Eco-designed products can contribute to sustainable development if consumers choose them rather than the less environmentally friendly alternatives and if they are used properly. However, eco-design methods have so far failed to address the issue of unsustainable behaviors, whose sources have not been recognized. In light of this deficiency, the authors have analyzed a large number of eco-designed products with the aim to capture the possible unsustainable behaviors arising from their use and consumption. The subsequent characterization of unsustainable behaviors has led to the creation of a framework of unsustainable behaviors, which has been subjected to the evaluation of a pool of experts in the field. In its final version, the framework includes nine classes of unsustainable behaviors, which are categorized into the corresponding product lifecycle phases (purchase, use, end of life), and different kinds of undesired effects (harmful, insufficient, excessive) based on the TRIZ-oriented functional analysis. The classes, whose significance has been checked in the literature, include frequent causes of unsustainable behaviors and corresponding examples. Through the framework, designers can take into due account the possible circumstances that would prevent their developed products from being prone to unsustainable behaviors. In a future step, the classes of unsustainable behaviors are to be linked with indications arising from Design for Sustainable Behavior. Full article
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Article
The Use2Use Design Toolkit—Tools for User-Centred Circular Design
Sustainability 2021, 13(10), 5397; https://doi.org/10.3390/su13105397 - 12 May 2021
Cited by 2 | Viewed by 1199
Abstract
Recent research highlights that the important role users play in the transition to a circular economy is often overlooked. While the current narrative emphasises how to design products fit for circular (re-)production flows, or how to design circular business models, it often fails [...] Read more.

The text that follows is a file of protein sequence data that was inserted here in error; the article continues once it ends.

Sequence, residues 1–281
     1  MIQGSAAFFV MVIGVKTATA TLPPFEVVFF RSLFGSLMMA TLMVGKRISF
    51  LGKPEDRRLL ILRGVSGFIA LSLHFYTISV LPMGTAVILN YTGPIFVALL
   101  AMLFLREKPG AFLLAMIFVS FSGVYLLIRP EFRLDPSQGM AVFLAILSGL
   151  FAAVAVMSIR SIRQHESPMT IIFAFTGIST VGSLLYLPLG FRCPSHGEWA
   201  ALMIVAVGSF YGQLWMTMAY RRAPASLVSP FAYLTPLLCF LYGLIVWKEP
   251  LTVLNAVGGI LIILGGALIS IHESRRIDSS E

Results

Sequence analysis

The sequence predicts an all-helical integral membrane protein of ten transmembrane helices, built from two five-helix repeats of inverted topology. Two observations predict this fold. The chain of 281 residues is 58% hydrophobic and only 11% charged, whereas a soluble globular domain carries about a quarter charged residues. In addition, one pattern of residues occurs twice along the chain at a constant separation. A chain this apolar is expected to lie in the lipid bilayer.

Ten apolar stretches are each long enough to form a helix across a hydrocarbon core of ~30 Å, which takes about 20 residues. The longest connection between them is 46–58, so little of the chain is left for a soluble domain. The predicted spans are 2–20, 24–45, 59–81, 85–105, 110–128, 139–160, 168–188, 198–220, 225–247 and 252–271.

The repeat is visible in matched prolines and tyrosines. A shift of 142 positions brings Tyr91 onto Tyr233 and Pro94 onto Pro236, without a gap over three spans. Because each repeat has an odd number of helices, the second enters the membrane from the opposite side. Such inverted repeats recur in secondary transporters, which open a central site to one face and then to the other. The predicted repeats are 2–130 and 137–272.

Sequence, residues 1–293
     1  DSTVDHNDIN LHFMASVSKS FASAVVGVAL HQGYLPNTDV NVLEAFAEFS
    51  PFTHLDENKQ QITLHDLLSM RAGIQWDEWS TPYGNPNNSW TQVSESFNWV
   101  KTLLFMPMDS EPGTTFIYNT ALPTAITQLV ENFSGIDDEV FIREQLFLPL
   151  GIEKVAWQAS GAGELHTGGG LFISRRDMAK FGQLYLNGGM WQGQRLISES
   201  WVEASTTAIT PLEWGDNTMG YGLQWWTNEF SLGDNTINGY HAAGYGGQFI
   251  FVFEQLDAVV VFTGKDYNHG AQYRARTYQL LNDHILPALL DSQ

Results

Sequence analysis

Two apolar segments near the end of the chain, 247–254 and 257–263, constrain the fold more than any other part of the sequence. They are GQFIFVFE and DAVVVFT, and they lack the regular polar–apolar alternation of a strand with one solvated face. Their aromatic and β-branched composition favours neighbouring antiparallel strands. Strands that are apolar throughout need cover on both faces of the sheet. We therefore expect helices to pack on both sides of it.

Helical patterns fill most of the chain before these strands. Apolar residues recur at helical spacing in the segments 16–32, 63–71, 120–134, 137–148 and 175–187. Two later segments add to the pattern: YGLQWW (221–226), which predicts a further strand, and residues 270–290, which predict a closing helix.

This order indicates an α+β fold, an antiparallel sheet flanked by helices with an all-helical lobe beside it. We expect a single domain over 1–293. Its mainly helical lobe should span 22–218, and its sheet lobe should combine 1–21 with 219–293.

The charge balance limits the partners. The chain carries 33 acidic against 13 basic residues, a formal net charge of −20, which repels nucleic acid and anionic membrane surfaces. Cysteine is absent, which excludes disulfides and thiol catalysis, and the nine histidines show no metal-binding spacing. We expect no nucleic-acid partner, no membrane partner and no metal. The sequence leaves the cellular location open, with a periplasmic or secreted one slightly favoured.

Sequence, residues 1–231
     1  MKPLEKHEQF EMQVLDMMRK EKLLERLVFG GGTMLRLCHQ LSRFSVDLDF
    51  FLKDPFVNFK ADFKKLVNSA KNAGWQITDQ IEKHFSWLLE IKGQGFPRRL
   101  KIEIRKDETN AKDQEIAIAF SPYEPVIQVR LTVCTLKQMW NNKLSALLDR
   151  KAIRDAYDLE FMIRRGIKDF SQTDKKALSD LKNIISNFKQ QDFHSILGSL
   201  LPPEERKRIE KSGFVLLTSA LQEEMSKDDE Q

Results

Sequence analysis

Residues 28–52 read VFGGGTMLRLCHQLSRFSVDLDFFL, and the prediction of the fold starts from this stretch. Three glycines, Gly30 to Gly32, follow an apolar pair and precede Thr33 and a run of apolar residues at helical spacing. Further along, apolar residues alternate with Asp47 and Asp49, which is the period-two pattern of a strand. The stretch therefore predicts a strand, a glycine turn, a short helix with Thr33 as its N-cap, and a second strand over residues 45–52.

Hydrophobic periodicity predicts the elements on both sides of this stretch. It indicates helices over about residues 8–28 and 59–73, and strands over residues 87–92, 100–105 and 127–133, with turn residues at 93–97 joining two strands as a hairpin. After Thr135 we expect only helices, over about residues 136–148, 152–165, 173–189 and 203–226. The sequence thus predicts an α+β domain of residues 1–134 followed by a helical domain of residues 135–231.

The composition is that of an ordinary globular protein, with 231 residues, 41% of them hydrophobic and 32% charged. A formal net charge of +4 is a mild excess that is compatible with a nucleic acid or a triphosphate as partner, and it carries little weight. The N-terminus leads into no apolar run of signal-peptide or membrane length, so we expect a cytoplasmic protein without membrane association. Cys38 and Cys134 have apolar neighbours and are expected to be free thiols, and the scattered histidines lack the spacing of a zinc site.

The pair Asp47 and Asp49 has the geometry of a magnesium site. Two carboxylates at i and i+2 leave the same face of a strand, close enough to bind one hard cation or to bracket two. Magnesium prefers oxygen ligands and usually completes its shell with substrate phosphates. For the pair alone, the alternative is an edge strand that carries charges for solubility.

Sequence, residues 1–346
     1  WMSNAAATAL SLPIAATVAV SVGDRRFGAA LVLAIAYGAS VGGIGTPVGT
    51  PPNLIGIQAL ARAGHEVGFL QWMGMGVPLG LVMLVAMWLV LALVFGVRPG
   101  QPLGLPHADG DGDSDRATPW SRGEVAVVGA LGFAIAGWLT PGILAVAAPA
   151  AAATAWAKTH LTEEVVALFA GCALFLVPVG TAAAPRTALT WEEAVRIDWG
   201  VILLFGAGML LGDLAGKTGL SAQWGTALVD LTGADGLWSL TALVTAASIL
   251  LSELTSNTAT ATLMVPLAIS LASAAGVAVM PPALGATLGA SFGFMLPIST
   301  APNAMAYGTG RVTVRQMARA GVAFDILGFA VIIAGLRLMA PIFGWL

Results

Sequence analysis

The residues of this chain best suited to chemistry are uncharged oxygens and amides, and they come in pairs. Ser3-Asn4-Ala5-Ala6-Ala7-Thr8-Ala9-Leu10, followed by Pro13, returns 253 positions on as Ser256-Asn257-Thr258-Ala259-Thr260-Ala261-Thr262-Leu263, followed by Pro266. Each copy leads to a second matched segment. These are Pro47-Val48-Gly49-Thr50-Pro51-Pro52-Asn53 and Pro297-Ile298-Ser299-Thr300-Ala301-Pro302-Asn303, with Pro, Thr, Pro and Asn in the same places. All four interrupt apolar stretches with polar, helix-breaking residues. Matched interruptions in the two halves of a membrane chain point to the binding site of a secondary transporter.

Recent research highlights that the important role users play in the transition to a circular economy is often overlooked. While the current narrative emphasises how to design products fit for circular (re-)production flows, or how to design circular business models, it often fails to address how such solutions can be designed to be attractive to people. As long as products and services are designed in a way that makes people prefer linear options over circular ones, the transition will not gain momentum. To further the understanding of how a user perspective can be valuable for circular design, this paper introduces the Use2Use Design Toolkit and presents initial experiences from using its five tools in design work. The tools were developed between 2016 and 2019 and subsequently applied in 30 workshops with professionals and students. Insights from the workshops suggest that the participants generally found the tools fun, instructive and inspirational. The tools enabled them to discuss circular processes from a user’s point of view and to identify challenges and design opportunities. The toolkit was considered especially relevant and meaningful by product and service designers who needed support to explore circular solutions from a user perspective. Full article
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Article
Priming on Sustainable Design Idea Creation and Evaluation
Sustainability 2021, 13(9), 5227; https://doi.org/10.3390/su13095227 - 07 May 2021
Cited by 1 | Viewed by 672
Abstract
Although three pillars of sustainable design—social desirability, economic competitiveness, and environmental friendliness—are all important, they are not necessarily equally accessible or salient during the design process. This paper applies a collage priming method to activate designers’ mindsets regarding sustainability pillars prior to conceptual [...] Read more.